Impossible task? I’m not talking about specific fears. We all have them. I’ve read the famous book by Susan Jeffers: Feel the fear and do it anyway. I’m talking about you: that nebulous fear that creeps up inside and spreads like a fog across a bog. You are the fear I wish to say good-bye to today!

In truth, I have known about you for a long time. I have given you voice, arguing for my limitations. Communicating to others my fear, my lack of trust in myself, my insecurity. I looked to others for direction. When I was a teenager, I recall writing about watching other people drinking tea, looking at their tea drinking faces and wondering if they had the truth, the answer. In later years, I gave away my power in different ways to different people, thinking they could be my guides. Let them carry the lantern, and I’ll walk safely behind them protected by their backs.

I never did much to hide my fear. I believed in sharing it with others. I thought that sharing it would help to lessen its grip on me, but it only made things worse. Some people told me outright I just needed to believe in myself; that I was talented and had lots of skills. I didn’t believe them, and I didn’t believe in myself either. Other people were visibly disturbed by my open sharing of vulnerability and didn’t really have much to say. This only served to reinforce my inner conviction that I was right to be afraid, insecure. And so, this is how I have muddled my way through adult life with moments of success when the sun broke through the fog and moments of humour when I felt empowered and amused by my inner cheekiness, especially when I found other people who could resonate with me. So, it hasn’t all been bad. But, my dearest fear, the time has come for us to part ways.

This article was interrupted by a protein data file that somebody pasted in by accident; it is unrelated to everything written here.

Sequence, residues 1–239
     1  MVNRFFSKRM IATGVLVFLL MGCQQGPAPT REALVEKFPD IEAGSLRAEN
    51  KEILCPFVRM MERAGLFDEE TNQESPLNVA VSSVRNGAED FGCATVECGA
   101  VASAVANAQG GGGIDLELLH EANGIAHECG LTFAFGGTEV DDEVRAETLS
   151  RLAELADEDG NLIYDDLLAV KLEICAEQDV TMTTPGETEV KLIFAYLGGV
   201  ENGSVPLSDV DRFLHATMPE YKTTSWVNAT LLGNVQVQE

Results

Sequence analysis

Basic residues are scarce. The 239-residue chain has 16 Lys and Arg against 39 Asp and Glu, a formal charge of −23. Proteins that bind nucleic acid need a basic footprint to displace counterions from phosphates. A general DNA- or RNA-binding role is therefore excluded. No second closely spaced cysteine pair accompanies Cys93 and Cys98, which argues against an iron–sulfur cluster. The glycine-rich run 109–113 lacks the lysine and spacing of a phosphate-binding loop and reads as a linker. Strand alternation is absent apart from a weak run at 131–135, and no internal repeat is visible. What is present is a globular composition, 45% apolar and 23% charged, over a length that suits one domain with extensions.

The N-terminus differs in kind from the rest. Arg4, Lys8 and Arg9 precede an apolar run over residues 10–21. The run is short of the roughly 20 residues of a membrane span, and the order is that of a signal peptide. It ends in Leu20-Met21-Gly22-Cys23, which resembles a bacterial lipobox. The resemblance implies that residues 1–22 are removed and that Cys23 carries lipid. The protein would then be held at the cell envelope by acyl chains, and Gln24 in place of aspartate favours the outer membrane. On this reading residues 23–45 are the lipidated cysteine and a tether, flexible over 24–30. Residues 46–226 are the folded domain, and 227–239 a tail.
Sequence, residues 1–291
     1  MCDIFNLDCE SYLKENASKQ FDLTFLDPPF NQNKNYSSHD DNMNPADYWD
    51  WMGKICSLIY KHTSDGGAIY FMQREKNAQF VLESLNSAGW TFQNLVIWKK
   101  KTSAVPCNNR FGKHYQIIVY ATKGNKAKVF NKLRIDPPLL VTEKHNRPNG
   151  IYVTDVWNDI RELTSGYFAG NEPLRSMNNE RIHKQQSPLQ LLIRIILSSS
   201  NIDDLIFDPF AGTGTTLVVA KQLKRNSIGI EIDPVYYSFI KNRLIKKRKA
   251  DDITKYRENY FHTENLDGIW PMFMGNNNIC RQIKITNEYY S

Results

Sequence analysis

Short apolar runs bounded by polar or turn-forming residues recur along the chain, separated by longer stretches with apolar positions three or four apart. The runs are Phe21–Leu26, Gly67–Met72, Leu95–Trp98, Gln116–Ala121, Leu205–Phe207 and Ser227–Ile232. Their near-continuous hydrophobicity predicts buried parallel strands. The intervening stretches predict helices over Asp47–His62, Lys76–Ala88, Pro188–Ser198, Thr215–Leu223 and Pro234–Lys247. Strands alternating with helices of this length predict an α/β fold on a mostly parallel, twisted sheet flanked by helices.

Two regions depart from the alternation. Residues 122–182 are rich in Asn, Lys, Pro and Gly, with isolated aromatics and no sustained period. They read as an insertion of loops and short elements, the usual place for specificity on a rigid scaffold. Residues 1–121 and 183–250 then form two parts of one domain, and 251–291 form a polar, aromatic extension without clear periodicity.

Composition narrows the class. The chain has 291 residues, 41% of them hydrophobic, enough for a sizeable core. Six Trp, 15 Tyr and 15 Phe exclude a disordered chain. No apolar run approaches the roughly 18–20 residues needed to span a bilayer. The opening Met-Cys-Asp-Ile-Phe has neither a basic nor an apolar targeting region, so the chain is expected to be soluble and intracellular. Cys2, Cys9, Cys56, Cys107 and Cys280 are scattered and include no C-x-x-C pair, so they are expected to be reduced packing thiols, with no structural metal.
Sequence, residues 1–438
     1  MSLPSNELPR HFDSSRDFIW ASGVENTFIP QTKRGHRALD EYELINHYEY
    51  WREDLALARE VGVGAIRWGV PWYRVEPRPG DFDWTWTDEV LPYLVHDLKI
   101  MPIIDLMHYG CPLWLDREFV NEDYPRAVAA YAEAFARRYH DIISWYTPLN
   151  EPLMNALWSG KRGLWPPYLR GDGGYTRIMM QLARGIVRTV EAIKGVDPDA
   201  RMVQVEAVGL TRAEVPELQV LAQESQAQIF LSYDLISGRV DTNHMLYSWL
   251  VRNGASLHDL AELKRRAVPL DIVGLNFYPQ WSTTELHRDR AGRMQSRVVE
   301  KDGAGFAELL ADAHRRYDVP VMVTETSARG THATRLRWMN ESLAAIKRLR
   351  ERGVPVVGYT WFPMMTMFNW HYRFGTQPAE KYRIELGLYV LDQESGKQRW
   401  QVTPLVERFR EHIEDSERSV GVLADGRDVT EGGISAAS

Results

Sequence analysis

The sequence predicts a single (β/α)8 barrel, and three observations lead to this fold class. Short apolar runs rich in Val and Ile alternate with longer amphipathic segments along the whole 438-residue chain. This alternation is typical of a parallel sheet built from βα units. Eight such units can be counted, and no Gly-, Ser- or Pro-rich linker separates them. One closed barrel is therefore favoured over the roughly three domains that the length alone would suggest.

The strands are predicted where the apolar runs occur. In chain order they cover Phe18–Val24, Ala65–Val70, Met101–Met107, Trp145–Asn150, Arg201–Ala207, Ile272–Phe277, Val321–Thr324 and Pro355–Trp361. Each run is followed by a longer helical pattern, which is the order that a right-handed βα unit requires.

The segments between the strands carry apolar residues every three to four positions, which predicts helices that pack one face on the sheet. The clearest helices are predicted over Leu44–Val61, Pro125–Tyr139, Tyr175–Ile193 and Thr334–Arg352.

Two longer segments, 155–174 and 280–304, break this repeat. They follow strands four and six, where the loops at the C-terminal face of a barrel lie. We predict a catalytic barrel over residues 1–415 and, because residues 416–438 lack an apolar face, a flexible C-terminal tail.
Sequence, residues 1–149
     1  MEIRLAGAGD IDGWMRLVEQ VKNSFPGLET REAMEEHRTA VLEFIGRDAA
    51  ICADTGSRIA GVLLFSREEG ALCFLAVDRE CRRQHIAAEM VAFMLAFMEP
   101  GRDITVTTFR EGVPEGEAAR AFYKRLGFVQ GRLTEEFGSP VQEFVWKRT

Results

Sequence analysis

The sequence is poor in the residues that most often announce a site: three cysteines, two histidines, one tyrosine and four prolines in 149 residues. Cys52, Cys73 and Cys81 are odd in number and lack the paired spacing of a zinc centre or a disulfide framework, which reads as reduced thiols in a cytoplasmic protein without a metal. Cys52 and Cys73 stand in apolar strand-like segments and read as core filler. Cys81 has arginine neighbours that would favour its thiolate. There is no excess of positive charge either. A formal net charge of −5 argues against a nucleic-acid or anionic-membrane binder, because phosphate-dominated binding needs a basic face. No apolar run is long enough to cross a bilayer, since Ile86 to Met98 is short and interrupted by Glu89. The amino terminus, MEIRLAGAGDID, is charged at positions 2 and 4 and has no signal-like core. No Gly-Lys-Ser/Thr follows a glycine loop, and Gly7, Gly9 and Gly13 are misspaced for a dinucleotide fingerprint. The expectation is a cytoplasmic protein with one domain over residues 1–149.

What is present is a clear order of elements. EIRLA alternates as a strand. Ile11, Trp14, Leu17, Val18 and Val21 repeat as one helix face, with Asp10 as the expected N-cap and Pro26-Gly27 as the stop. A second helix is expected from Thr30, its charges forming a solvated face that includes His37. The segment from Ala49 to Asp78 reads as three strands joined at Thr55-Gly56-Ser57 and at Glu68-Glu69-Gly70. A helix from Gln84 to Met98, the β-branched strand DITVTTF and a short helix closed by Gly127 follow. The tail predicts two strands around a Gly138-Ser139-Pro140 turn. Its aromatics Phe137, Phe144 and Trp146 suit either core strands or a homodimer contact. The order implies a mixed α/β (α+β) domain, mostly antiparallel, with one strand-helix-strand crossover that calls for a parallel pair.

I have realized I can’t do this by fighting against you. The more I resist you, the stronger you become. I can’t do this through will power. I can’t wish you away. So, for the moment, dear fear, stay. Let’s keep looking through the photo album together. You don’t want to? Why not? Ah! You don’t want me to see through the fog! Too bad, fear. There is no turning back. I’m on my own now, holding the lantern. There is nobody to follow. And you are with me. Inside me and outside me in this thick fog. Come. Let’s go together! I’m going to walk with you and through you to the other side. I shall let my humour guide me, I shall laugh at myself, and my humour will set me free.